New immigrants are especially prone to developing gambling addictions, and a Toronto casino could make things worse: That was the message Friday afternoon at a talk about problem gambling at Toronto Western Hospital.
“There are certain stresses new immigrants face—from underemployment to loss of professional status—and they often see gambling as an easy solution,” said Maria Benevides, a clinician with the hospital’s Portuguese Mental Health and Addictions program, and one of the community workers who spoke to a half-full auditorium of new Canadians about rolling the dice. “You don’t really need to know languages to play the slots or cards. Betting is universal. If there’s a casino entertainment complex in the city, it will encourage immigrants to go.”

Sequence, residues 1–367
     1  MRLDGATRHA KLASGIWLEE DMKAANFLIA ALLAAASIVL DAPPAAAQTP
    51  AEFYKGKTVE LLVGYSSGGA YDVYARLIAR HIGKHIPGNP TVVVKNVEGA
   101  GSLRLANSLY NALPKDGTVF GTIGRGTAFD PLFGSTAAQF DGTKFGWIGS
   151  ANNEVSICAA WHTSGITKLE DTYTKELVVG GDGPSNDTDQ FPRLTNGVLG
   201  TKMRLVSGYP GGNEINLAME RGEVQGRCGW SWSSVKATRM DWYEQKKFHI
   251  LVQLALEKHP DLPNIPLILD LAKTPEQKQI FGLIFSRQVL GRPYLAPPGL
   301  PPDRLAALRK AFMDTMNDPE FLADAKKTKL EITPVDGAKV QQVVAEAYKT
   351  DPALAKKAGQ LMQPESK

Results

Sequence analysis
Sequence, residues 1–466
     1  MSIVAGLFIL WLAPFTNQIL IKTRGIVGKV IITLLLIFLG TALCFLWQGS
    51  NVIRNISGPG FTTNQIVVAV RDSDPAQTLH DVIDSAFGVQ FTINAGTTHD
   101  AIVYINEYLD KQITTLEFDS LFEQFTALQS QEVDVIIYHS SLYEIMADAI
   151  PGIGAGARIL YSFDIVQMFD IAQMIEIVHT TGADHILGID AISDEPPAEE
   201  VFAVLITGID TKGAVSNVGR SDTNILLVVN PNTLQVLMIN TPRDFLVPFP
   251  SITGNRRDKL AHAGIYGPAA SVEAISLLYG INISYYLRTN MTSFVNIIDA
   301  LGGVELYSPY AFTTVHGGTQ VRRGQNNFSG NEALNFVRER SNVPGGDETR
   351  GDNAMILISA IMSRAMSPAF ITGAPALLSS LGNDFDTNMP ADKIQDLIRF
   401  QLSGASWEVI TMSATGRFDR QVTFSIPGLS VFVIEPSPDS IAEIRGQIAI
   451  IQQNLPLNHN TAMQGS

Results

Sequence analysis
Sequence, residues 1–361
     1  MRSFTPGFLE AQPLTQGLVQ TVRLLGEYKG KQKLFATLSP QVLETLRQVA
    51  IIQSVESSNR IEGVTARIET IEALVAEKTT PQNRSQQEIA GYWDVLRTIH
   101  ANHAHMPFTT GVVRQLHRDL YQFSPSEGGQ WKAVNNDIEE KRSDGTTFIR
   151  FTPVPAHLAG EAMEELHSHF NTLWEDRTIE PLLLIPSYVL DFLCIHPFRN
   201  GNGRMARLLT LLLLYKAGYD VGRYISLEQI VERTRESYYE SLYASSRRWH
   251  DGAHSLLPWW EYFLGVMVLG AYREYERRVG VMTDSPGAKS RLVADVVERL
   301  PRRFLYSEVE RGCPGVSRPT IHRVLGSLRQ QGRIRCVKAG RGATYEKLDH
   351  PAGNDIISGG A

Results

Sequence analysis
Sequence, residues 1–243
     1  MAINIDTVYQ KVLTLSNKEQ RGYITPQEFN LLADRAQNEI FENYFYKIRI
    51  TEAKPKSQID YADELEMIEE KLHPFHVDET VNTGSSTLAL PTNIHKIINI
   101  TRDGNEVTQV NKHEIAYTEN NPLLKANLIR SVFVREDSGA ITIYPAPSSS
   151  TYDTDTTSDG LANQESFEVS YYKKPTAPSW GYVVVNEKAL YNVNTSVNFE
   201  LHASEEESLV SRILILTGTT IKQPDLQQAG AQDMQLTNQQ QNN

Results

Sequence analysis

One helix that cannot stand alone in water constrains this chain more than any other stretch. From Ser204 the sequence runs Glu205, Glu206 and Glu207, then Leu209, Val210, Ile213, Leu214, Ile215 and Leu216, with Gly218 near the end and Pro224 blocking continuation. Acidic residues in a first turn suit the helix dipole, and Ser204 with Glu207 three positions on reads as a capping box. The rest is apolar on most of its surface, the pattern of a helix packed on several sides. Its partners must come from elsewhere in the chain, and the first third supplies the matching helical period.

Back in 1988, the Toronto District Health Council recommended that counselling services for gambling be offered in languages other than just English and French. Since then, CAMH’s Problem Gambling Project and multicultural agency COSTI Immigrant Services have teamed up, and now offer help in 19 languages. Still, Benevides said, “few people want to come out and talk about it.”
That’s not only because the services are still relatively unknown, but also because many immigrants feel “shame, guilt, and embarrassment” admitting they have gambling addictions, said Farishta Dinshaw, a COSTI community development worker.
If any of those in the audience had struggled with addiction, they weren’t saying. “I don’t think the casino is bad for us,” an elderly Chinese woman said. “It’s a relaxing social [activity], as long as you know how to control yourself.”
One Hispanic woman agreed. “They make me feel free,” she confessed, with an embarrassed chuckle.